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Modern Psychological Studies

Periodical Title

Modern Psychological Studies

Volume

3

Number

2

Page Numbers

pages 44-51

Department

Dept. of Psychology

Publisher

University of Tennessee at Chattanooga

Place of Publication

Chattanooga (Tenn.)

Date

1995

Abstract

The present study examined the relationship between students' level of sophistication and confidence in personality assessment procedures with their susceptibility to the Barnum effect— the tendency for individuals to accept highly generalized, ambiguous profiles as accurate descriptions of their personality. Thirty-five university students (22 females, 13 males, mean age 26) completed a brief personality questionnaire under the impression they would be receiving an interpretation from a) a masters level clinician, b) a clinical psychologist (PhD), or c) a form of computer assessment. A pretest asking for the subject's age, sophistication, and their perceptions of the three assessment sources accompanied the questionnaire. Subjects received one of two profiles categorized by moderate or high favorability and were asked to rate both the accuracy and degree to which the profile described their unique personality. While neither the main effects for feedback source or favorability proved significant, multiple regression analyses found subjects' sophistication and initial confidence in the personality assessment procedures to be effective predictors of their accuracy and uniqueness ratings. The results suggest that cognitive variables can mediate susceptibility to the Barnum effect.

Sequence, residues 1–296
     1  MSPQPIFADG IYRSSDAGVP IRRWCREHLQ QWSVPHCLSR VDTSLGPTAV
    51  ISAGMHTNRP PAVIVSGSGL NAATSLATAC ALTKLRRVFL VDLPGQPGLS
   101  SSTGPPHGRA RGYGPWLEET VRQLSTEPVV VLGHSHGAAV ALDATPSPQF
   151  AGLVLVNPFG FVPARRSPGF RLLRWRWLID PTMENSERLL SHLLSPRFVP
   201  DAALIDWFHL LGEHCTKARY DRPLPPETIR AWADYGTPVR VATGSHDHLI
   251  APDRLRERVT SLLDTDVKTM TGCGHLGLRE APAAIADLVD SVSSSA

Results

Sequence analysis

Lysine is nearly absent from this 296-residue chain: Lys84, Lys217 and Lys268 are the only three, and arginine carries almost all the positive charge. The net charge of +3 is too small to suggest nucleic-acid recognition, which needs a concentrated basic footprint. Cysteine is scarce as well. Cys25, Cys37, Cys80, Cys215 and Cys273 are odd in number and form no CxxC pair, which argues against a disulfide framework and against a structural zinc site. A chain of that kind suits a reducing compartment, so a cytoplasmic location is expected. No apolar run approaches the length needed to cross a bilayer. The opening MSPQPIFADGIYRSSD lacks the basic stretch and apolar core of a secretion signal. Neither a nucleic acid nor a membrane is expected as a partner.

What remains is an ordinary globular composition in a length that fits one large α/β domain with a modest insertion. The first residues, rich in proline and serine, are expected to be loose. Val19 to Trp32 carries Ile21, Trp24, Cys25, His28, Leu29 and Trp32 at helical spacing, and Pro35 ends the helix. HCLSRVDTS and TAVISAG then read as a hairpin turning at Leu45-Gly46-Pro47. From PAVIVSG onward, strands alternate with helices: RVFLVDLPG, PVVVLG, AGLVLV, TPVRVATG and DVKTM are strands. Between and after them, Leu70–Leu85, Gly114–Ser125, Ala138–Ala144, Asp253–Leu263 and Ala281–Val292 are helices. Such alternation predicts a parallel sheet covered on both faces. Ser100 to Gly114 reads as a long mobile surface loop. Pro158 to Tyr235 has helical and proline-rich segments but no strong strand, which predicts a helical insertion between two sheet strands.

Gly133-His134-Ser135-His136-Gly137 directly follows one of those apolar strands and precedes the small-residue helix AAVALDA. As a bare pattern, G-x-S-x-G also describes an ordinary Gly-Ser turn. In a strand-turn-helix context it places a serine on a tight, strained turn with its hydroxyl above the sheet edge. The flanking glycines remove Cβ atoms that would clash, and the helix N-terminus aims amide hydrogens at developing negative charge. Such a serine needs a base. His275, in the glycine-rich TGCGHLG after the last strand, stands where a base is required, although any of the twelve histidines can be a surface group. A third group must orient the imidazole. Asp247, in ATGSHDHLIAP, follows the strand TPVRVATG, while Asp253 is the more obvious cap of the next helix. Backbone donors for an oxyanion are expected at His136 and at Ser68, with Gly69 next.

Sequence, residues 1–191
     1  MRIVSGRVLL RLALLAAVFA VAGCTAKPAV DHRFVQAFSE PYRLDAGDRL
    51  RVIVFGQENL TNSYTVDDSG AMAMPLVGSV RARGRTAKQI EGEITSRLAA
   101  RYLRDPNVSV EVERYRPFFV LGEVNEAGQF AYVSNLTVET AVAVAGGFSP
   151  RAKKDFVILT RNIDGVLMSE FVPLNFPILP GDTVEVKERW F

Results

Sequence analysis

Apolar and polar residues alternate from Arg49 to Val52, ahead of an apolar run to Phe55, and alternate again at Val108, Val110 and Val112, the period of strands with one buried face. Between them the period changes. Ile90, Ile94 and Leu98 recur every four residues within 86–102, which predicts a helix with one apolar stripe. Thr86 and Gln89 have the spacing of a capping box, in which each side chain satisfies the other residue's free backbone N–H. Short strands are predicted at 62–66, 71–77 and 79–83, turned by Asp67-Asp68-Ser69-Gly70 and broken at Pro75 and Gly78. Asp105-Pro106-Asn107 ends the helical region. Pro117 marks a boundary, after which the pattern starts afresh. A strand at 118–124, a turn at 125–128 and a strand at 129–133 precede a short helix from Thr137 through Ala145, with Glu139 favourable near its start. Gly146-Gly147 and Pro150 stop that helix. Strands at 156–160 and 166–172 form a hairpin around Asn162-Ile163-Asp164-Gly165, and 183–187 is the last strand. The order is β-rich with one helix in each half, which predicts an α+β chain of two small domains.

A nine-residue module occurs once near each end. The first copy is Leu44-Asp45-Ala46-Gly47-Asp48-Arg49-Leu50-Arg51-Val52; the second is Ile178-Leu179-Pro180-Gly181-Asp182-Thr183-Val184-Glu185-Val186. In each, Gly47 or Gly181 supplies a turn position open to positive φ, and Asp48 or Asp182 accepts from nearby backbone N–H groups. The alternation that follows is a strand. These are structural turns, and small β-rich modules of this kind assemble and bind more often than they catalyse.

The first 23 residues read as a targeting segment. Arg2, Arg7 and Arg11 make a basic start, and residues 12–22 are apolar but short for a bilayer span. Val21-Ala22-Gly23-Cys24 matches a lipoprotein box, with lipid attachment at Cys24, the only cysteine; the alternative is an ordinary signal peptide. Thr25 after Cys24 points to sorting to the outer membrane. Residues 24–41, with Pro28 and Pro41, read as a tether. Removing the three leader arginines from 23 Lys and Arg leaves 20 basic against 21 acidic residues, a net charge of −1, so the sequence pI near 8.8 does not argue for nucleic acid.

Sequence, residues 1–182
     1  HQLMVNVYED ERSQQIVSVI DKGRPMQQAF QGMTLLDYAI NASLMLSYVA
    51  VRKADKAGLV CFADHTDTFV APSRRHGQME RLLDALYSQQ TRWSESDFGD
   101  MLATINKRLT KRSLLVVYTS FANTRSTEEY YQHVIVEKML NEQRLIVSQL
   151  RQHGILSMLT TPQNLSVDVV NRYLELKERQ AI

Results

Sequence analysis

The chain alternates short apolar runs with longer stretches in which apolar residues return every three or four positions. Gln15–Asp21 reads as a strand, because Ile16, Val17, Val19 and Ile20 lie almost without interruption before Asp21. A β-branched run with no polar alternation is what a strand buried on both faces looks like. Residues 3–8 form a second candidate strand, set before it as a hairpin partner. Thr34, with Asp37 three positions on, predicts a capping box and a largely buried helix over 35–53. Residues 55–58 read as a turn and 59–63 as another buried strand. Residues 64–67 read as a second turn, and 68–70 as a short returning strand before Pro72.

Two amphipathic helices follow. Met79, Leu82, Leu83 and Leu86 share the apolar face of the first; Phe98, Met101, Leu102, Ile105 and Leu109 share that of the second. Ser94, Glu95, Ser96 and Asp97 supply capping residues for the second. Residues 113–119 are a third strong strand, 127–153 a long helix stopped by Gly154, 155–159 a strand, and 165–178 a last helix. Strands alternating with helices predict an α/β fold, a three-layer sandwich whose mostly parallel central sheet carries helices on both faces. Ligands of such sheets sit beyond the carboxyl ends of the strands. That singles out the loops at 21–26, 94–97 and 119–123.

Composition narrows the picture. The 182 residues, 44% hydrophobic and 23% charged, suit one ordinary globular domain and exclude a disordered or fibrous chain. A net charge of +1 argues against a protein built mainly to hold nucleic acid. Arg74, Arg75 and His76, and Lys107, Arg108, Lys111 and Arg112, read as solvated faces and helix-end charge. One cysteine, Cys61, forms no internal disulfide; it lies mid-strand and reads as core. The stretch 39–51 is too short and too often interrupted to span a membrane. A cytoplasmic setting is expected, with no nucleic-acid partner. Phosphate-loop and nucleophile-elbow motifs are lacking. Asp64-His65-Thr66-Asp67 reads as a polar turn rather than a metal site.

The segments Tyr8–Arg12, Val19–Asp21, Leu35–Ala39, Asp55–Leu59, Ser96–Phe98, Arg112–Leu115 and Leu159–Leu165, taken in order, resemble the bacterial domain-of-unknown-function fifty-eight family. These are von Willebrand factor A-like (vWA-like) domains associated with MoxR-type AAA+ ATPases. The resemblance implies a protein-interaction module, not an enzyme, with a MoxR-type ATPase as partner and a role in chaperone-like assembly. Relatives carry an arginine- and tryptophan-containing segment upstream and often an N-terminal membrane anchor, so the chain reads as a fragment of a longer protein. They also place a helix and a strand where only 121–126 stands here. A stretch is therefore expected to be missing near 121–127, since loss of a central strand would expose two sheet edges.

Subject

Psychology--Periodicals

Discipline

Psychology

Document Type

articles

Extent

8 leaves

Language

English

Call Number

BF1 .M63 v. 3 no. 2 1995

Rights

Under copyright.

Included in

Psychology Commons

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